Plaza that can be closed to cars to be at core of Abbotsford’s UDistrict

Stretch of road would be able to be closed to traffic during events

A short “funky” street that can be closed to cars during events and festivals will be at the centre of Abbotsford’s new UDistrict.

More than five years in the making, the neighbourhood plan for the area surrounding the University of the Fraser Valley was given two readings by council Monday. It will now be forwarded to a public hearing next month before council gets a chance to adopt it at a future meeting.

The goal aims to build a vibrant area by making the UDistrict appealing for pedestrians and cyclists, while adding thousands of multi-family homes to the immediate north and west of UFV.

The neighbourhood would be focused around a “University Village,” with its centre being the junction of King Road and University Way, senior planner Mitchell Comb told council.

North and south from that intersection will be the “UWalk,” a stretch of pedestrian-oriented road connecting UFV with a soon-to-be-built pedestrian bridge over Highway 1 at Salton Road.

The centre of the UWalk will be a short new road dubbed “Cascades Plaza” that can function as a central gathering place and be opened or closed to traffic. The plan spends significant time laying out how to create an appealing street ideal for lingering at restaurants, cafés and street patios.

The plan will encourage the construction of four- to six-storey mixed-use and residential buildings for the area immediately north of Abbotsford Centre.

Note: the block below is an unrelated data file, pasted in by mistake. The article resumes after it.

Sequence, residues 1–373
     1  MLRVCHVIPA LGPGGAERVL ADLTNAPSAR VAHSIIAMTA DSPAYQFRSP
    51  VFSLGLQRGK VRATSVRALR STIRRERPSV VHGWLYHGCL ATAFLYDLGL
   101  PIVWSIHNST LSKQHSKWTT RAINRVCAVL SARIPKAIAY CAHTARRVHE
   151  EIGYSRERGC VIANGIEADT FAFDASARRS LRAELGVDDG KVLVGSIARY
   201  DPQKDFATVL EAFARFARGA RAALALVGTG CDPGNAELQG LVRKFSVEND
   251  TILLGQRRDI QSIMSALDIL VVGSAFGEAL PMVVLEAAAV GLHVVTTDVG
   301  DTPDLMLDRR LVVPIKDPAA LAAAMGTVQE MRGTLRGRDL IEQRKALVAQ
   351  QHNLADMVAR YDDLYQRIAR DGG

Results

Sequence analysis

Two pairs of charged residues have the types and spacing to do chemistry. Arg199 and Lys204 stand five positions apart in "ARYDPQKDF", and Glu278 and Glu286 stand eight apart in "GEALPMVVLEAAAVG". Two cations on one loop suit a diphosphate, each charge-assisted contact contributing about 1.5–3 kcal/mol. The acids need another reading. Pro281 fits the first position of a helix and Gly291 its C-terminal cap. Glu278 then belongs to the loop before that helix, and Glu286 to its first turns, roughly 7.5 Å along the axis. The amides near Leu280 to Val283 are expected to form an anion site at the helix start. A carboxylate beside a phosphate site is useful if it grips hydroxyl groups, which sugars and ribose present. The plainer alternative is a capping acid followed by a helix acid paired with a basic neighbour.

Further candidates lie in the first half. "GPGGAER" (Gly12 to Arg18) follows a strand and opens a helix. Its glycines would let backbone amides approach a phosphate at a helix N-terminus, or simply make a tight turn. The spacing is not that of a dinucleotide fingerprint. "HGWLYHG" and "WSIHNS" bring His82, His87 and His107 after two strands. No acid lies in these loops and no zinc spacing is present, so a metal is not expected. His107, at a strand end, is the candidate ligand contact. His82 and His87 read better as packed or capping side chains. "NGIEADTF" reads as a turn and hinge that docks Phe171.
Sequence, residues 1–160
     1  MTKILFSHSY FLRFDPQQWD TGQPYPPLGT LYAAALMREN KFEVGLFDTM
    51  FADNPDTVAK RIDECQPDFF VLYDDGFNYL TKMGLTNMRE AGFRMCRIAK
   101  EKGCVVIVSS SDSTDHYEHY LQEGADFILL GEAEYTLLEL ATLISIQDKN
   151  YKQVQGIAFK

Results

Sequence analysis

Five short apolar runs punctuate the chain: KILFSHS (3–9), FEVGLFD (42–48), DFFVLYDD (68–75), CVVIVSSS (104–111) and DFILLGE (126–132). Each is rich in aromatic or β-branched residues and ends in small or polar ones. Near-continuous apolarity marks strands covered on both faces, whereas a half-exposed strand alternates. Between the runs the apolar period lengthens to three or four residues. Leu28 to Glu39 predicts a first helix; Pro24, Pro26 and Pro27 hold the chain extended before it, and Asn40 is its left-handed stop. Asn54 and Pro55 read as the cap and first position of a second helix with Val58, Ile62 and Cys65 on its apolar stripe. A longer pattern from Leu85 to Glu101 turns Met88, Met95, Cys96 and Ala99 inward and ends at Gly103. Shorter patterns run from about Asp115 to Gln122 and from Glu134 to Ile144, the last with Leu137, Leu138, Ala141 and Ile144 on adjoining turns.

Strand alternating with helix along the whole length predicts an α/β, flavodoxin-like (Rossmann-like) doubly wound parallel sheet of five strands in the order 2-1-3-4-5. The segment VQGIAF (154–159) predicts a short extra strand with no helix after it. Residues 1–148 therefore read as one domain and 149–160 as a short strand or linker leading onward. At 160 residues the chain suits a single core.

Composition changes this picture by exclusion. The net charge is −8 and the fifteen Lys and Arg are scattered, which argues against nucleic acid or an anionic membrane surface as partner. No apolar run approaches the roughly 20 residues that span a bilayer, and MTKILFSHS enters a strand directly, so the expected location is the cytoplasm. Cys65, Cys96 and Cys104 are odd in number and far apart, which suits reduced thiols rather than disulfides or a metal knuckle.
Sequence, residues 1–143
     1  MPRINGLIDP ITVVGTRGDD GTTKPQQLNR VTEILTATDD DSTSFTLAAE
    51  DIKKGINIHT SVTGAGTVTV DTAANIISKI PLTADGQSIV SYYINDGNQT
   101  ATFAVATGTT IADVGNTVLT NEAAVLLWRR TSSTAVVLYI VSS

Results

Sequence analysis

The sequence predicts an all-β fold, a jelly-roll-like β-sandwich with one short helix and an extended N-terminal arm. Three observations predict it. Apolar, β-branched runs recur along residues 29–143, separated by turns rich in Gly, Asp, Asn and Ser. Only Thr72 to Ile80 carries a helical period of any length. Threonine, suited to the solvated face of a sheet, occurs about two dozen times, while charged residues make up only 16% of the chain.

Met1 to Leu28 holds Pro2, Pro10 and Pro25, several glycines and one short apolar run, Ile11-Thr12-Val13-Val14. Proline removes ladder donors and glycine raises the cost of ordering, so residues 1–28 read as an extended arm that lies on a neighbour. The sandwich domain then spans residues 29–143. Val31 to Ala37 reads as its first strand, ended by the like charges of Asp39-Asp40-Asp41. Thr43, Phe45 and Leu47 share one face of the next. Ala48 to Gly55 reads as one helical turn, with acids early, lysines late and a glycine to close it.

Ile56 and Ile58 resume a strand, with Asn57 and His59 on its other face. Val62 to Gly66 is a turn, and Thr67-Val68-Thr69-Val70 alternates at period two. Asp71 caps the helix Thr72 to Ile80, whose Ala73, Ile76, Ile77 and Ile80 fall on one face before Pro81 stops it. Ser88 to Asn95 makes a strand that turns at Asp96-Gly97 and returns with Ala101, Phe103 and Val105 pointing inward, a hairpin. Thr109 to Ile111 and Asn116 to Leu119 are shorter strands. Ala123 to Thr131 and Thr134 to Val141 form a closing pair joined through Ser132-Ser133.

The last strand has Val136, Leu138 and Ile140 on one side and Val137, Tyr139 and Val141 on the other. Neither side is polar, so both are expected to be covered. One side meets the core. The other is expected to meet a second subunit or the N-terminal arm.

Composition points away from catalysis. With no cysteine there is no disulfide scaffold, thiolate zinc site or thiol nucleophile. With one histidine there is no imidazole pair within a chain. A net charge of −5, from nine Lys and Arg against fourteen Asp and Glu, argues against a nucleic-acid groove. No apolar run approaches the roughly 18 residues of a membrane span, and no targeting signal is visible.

It won’t affect existing businesses in the area, but future development will see the area shift from a mix of uses to a more residential neighbourhood.

The plan also envisions the creation of an east-west road between King and Highway 1 that would run just south of the Kingdom Hall of the Jehovah Witnesses. The plan does not change the designation for the Kingdom Hall.

The single-family neighbourhoods in the planning area would remain zoned for infill. That encourages the splitting of lots to provide slow densification, but the city is currently undertaking a review of its infill rules.

The plan would also shift the main bus exchange at UFV to its new “front door” at the northwest of the university and south of Abbotsford Centre.

Council gave the plan plaudits although a couple steps remain before it becomes official policy.

“When you take a look at this, Abbotsford is becoming a university town,” Coun. Ross Siemens said.

Coun. Kelly Chahal said that increasing the vibrancy of the neighbourhood will appeal to the diverse makeup of the student population.

“University students are not all 19 years old anymore and to have a village-type [area] builds community.”

It will now go to other local bodies and First Nations. Residents will get a chance to comment on it in a public hearing on May 28.

 

Abbotsford’s UDistrict is envisioned as an urban community with more retail shops and thousands of additional residents. City of Abbotsford image

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